OR moderate difficulty in social, occupational, or school functioning (e.g., few friends, conflicts with peers or co-workers).
Someone with a score in this range needs help, but himself may not know, or may not know what kind of help he needs due to ignorance. And people around him might think he is only proving difficult to relate or work with. No he needs help.
41 to 50%
Serious symptoms (e.g., suicidal ideation, severe obsessional rituals, frequent shoplifting)
OR any serious impairment in social, occupational, or school functioning (e.g., no friends, unable to keep a job).
People with score of 41 to 50% and 51 to 60% are said to have minor mental illness or non–psychotic mental illness
What of people with GAF score of below 41? These are people categorized as having major mental disorders, otherwise called psychotic disorders. These are the people you call mad because you don’t know what else to call them.
For the purpose of knowing who needs help, it is expedient to note that there are more than 400 types of mental disorders according to the WHO’s 10th edition of International Classification of Disease (ICD)4 and that less than ten of this are psychotic. For example poor sleep for at least three nights a week for at least two weeks in the absence of physical problem is a recognized mental disorder, needing therapy.
It is also expedient to note that the measure of mental health and mental illness is a continuum and that any body can slide down or up at anytime. So if you happen to know someone down the scale, it for you to offer all the help you can rather that mock, despise or run away from him.
31 to 41%
Some impairment in reality testing (delusion and hallucination) or communication (e.g., speech is at times illogical, obscure, or irrelevant)
OR major impairment in several areas, such as work or school, family relations, judgment, thinking, or mood. (e.g., depressed man avoids friends, neglects family, and is unable to work; child frequently beats up younger children, is defiant at home, and is failing at school).
21 to 30%
Behavior is considerably influenced by delusions or hallucinations
OR serious impairment in communication or judgment (e.g., sometimes incoherent, acts grossly inappropriately, suicidal preoccupation)
OR inability to function in almost all areas (e.g.,stays in bed all day; no job, home, or friends).
11 to 20%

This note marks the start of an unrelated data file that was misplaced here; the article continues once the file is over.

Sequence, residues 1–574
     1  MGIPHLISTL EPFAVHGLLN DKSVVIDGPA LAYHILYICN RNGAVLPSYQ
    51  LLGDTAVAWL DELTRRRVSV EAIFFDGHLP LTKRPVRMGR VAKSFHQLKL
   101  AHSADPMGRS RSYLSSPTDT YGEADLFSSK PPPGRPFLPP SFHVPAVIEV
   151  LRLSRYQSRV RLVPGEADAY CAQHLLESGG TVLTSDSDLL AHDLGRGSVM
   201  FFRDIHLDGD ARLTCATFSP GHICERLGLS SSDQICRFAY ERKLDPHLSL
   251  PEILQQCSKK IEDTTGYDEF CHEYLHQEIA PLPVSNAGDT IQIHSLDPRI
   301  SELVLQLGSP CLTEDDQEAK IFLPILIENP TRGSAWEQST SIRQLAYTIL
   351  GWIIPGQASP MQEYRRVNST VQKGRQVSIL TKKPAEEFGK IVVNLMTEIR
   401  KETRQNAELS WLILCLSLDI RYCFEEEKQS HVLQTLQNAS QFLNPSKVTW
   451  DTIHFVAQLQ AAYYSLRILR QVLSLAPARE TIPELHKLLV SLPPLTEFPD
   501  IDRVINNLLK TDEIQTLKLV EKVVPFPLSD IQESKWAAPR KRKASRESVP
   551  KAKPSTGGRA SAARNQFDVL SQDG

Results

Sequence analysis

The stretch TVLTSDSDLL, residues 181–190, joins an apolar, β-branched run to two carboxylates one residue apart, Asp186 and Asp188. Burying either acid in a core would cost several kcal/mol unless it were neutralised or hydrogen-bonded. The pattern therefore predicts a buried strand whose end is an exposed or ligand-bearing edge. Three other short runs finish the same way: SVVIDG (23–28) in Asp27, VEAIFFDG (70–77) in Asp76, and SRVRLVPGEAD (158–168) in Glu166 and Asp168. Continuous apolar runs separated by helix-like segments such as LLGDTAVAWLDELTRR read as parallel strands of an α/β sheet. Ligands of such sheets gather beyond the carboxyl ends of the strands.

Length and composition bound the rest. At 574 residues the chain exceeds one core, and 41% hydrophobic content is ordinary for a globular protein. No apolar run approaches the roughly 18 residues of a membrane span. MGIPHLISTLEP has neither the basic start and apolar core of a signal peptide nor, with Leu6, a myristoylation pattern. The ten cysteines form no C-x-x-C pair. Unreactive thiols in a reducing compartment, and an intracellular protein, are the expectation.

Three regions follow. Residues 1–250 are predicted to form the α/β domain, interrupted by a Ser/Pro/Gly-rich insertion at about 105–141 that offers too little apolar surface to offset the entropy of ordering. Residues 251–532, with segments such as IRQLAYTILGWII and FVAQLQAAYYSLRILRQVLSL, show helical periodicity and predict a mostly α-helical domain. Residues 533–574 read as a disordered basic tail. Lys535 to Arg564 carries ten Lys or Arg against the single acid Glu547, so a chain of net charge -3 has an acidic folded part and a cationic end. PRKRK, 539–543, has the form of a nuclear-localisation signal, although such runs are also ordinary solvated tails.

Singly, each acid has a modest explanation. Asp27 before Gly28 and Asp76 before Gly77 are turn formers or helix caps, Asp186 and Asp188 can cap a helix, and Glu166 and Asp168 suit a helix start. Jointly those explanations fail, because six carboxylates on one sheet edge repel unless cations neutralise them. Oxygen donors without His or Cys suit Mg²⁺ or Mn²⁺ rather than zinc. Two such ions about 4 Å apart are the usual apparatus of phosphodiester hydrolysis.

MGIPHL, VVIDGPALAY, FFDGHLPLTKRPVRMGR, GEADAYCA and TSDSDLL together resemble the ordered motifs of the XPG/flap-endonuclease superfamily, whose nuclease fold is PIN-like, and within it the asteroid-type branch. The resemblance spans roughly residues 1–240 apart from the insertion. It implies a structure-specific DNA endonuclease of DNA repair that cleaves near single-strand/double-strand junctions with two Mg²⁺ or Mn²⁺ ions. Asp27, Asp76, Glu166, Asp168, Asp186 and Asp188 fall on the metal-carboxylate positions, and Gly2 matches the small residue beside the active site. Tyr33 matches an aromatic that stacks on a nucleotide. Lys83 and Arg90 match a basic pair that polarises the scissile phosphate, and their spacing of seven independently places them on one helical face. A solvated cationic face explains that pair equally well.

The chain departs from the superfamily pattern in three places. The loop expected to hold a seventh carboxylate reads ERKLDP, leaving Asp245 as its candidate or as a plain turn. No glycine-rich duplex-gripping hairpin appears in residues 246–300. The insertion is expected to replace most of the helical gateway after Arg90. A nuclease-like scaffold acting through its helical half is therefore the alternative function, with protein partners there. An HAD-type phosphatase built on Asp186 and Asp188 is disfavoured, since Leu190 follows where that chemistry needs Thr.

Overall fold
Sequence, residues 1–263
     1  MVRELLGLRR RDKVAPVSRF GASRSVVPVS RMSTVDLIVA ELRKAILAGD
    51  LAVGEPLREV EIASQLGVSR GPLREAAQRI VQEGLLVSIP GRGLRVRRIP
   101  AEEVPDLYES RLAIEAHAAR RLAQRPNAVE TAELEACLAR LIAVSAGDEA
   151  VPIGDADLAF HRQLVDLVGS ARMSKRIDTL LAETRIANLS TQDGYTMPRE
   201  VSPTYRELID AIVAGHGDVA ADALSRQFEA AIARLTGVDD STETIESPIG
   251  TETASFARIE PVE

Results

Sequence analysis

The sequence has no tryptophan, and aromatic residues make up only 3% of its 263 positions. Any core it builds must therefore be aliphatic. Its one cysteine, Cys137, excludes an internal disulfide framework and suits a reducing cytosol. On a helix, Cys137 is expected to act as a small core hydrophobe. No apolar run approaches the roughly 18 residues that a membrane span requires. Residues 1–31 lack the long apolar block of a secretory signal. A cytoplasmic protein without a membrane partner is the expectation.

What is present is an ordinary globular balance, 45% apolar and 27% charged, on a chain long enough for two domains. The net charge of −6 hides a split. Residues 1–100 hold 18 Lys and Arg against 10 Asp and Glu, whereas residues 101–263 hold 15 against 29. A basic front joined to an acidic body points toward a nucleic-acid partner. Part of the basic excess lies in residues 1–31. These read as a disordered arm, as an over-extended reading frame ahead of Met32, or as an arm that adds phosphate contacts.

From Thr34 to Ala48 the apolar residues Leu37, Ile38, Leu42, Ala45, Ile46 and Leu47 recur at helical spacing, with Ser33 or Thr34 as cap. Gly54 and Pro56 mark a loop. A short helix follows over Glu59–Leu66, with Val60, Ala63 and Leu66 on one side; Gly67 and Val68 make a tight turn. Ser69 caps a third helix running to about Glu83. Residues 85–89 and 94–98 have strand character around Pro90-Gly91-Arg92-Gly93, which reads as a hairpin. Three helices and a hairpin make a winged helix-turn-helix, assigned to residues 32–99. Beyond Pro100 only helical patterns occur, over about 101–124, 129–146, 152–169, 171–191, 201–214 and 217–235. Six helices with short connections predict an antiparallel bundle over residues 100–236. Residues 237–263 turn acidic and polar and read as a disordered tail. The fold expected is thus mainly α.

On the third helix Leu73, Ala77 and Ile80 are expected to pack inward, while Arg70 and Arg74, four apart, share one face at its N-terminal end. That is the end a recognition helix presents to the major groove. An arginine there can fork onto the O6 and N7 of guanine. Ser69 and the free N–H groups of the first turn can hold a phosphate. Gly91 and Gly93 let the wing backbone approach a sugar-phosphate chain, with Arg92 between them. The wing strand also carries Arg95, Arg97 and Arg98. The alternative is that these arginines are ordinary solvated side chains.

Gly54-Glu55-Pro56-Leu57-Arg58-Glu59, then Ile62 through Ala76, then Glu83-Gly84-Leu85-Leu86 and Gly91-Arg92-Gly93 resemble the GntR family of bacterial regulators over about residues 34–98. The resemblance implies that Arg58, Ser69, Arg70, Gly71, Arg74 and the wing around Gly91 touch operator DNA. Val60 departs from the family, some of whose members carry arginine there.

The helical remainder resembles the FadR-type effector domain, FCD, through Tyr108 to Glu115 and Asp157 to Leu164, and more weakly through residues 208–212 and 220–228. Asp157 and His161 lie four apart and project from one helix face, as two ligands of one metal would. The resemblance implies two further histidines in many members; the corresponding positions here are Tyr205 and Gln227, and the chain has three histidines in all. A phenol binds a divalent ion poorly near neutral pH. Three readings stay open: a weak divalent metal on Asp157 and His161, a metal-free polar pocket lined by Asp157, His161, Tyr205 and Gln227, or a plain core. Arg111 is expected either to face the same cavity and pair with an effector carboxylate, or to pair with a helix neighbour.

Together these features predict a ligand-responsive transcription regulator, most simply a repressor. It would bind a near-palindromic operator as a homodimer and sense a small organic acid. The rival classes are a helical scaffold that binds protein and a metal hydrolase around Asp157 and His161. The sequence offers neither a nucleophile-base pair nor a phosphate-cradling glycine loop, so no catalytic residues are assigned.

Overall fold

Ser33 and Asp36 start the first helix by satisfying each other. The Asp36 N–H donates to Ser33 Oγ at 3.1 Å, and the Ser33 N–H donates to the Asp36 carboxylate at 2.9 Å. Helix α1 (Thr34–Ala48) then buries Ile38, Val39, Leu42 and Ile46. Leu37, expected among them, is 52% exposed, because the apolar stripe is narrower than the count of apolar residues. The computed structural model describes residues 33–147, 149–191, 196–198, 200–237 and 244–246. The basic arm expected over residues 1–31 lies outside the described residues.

Some danger of hurting self or others (e.g., suicide attempts without clear expectation of death; frequently violent; manic excitement)
OR occasionally fails to maintain minimal personal hygiene (e.g., smears feces)
OR gross impairment in communication (e.g., largely incoherent or mute).
1 to 10%
Persistent danger of severely hurting self or others (e.g., recurrent violence)
OR persistent inability to maintain minimal personal hygiene OR serious suicidal act with clear expectation of death.
Can you place yourself at any point in this continuum between 0 and 100%? The lower you score yourself, the more the need to improve your mental health. As you can see from the scale, just as health is not the same thing as absence of disease, mental health is broader than a lack of mental disorders1.
Mental Health Hygiene
Mental health hygiene is the science of promoting mental health and preventing mental illness through the application of psychiatry and psychology5. Good “hygiene“ is anything that helps you to have a healthy life6. Here are some tips.
ACRONYM: A SQUARE, B SQUARE, C SQUARE, D SQUARE, R, S SQUARE
- Acquire adequate information on the nature and requirements of good mental health: books, internet, professional within reach
- Adaptive Coping skills/ Social skills acquisition
- Body Exercise
- Belt: car seat belt to limit injury from road traffick accidents; psychological belt to guard against both physical and psychological bruises
- Concerted efforts: clubs for promoting mental health; self-help groups
- Cry out for help: know when to seek professional help and do it on time.
- Drug free life: alcohol, cigarette, Indian hemp, cocaine, heroin, valium, amphetamine pentacozine, brenyln with codeine, pethidine
- Diet: adequate and safe
- Relaxation Techniques: progressive muscle relaxation, isometric muscle relaxation etc
- Stigmatize not the mentally ill: Do unto others what you’ll like them to do to you.
- Serenity prayer: “God grant me the fortitude to bear what I can not change, the courage to change what I can, and the wisdom to know the difference”
WHO (2001) The World health report : 2001 : Mental health : new understanding, new hope.
What is mental health? http://mentalhealth.about.com/cs/
/a/whatismental.htm (Accessed: 15/09/07)
APA 1994. Diagnostic and statistical Manual of Mental Disorders 4th edition. APA washinton, DC
WHO. (1992) The ICD-10 Classification of Mental and Behavioural Disorders: Clinical Description and Diagnostic guidelines. Oxford University Press. Oxford 5. www.encyclopedia.com/doc/1E1- metalhy.html